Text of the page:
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Many essential cellular processes are carried out by complex biological machines located in the cell membrane. The bacterial flagellar motor is a large membrane-spanning protein complex that functions as an ion-driven rotary motor to propel cells through liquid media. Within the motor, MotB is a component of the stator that couples ion flow to torque(More)
Bacteria must be able to respond to a changing environment, and one way to respond is to move. The transduction of sensory signals alters the concentration of small phosphorylated response regulators that bind to the rotary flagellar motor and cause switching. This simple pathway has provided a paradigm for sensory systems in general. However, the(More)
RpfG is a paradigm for a class of widespread bacterial two-component regulators with a CheY-like receiver domain attached to a histidine-aspartic acid-glycine-tyrosine-proline (HD-GYP) cyclic di-GMP phosphodiesterase domain. In the plant pathogen Xanthomonas campestris pv. campestris (Xcc), a two-component system comprising RpfG and the complex sensor(More)
Rhodobacter sphaeroides 2.4.1 is an α-3 purple nonsulfur eubacterium with an extensive metabolic repertoire. Under anaerobic conditions, it is able to grow by photosynthesis, respiration and fermentation. Photosynthesis may be photoheterotrophic using organic compounds as both a carbon and a reducing source, or photoautotrophic using carbon dioxide as the(More)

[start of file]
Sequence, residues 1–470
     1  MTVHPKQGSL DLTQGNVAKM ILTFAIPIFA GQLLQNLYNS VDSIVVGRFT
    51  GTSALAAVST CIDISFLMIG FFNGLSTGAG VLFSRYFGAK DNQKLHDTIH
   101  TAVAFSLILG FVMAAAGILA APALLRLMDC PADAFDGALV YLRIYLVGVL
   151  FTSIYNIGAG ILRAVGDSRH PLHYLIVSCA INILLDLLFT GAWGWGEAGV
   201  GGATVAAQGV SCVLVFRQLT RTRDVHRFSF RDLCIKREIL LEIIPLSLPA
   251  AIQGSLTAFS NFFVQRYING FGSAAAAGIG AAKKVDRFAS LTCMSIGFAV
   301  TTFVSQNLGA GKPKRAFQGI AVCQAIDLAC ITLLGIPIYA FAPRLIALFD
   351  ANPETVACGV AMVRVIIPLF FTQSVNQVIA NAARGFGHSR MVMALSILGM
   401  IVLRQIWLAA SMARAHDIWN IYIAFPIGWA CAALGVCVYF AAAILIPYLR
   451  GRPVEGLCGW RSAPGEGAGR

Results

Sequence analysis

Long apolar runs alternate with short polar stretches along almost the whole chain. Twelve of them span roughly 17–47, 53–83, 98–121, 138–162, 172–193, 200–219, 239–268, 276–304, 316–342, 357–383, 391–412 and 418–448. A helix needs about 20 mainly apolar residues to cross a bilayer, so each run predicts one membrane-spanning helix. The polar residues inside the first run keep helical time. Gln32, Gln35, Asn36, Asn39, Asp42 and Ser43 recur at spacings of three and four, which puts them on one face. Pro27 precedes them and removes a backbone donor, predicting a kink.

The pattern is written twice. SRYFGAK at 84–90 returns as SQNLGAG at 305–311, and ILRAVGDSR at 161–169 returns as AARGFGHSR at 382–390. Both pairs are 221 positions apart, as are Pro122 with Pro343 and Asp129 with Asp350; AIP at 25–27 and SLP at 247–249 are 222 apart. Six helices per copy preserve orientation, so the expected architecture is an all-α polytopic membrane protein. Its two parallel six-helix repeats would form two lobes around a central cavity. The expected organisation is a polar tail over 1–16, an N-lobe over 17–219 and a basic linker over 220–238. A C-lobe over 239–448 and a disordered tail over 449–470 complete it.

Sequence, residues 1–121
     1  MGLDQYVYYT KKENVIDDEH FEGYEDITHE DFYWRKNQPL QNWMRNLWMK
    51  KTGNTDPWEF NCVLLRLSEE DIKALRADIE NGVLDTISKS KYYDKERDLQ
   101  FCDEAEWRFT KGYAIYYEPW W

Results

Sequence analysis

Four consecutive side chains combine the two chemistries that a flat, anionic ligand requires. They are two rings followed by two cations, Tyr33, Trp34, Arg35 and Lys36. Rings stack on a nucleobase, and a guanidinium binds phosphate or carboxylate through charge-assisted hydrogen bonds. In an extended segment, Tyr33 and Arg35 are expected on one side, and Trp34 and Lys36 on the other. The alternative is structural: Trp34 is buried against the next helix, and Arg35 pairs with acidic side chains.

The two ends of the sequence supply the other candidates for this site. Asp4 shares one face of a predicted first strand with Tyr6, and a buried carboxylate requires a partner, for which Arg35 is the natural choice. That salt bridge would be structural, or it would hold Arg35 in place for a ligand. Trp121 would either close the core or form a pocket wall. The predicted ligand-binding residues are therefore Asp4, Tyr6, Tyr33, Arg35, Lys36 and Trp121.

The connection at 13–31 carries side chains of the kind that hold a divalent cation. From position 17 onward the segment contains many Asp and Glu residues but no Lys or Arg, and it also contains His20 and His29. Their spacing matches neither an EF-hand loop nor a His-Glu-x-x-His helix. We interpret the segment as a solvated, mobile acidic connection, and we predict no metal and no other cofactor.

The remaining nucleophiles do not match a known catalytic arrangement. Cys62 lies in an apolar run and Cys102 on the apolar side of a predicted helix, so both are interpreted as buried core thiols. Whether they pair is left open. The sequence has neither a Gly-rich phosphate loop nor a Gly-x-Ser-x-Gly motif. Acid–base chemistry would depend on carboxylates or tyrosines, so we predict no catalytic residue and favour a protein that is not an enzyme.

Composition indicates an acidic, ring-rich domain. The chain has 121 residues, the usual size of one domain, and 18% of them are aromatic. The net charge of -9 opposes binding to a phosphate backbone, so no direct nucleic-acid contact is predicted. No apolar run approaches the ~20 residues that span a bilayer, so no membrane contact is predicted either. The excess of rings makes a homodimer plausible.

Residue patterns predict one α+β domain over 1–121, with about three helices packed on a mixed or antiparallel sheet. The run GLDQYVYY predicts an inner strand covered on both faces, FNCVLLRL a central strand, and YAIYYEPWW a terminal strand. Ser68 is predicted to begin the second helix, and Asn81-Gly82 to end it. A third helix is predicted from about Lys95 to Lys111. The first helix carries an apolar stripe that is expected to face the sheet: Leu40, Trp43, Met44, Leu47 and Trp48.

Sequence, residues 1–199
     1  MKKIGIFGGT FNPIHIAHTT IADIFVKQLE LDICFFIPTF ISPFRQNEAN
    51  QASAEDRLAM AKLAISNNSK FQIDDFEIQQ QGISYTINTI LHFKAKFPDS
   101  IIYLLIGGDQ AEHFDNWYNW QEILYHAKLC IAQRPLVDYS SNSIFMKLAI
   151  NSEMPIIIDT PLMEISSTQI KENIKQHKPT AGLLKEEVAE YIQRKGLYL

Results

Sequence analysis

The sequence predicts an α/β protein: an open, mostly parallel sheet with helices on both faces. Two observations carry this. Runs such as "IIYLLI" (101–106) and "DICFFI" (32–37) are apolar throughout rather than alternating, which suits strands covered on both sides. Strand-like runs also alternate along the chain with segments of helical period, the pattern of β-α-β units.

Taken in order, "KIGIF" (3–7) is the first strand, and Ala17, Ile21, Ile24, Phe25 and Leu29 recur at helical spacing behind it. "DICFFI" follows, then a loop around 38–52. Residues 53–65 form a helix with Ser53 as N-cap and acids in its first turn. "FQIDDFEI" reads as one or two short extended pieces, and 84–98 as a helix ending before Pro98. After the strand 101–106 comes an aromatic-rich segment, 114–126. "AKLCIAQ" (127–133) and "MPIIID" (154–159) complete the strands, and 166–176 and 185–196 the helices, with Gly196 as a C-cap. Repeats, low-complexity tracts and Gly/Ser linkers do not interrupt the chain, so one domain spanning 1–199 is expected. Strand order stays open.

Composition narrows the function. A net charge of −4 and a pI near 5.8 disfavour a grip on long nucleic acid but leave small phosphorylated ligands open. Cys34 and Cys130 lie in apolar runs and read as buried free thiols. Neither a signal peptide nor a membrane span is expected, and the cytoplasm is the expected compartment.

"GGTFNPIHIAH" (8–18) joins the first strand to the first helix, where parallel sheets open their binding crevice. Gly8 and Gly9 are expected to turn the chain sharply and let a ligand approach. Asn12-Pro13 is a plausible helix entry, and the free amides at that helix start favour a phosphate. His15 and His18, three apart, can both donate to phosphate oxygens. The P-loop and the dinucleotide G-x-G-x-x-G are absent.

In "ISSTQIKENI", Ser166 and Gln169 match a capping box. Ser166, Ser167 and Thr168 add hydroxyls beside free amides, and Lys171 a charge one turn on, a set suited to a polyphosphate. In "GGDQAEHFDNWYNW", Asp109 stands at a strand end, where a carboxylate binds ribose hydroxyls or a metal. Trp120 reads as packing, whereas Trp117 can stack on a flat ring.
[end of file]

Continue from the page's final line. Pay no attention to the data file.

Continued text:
The motile, alkalophilic, and extremely halophilic purple sulfur bacterium Ectothiorhodospira halophila is positively photophobotactic. This response results in the accumulation of bacteria in light spots (E. Hustede, M. Liebergesell, and H. G. Schlegel, Photochem. Photobiol. 50:809-815, 1989; D. E. McRee, J. A. Tainer, T. E. Meyer, J. Van Beeumen, M. A.(More)
Bacteria use chemotaxis to migrate towards environments that are better for growth. Chemoreceptors detect changes in attractant levels and signal through two-component systems to control swimming direction. This basic pathway is conserved across all chemotactic bacteria and archaea; however, recent work combining systems biology and genome sequencing has(More)
We review the application of mathematical modeling to understanding the behavior of populations of chemotactic bacteria. The application of continuum mathematical models, in particular generalized Keller-Segel models, is discussed along with attempts to incorporate the microscale (individual) behavior on the macroscale, modeling the interaction between(More)
The response of free-swimming Rhodobacter sphaeroides to increases and decreases in the intensity of light of different wavelengths was analyzed. There was a transient (1 to 2 s) increase in swimming speed in response to an increase in light intensity, and there was a similar transient stop when the light intensity decreased. Measurement of changes in(More)
Most motile bacteria sense and respond to their environment through a transmembrane chemoreceptor array whose structure and function have been well-studied, but many species also contain an additional cluster of chemoreceptors in their cytoplasm. Although the cytoplasmic cluster is essential for normal chemotaxis in some organisms, its structure and(More)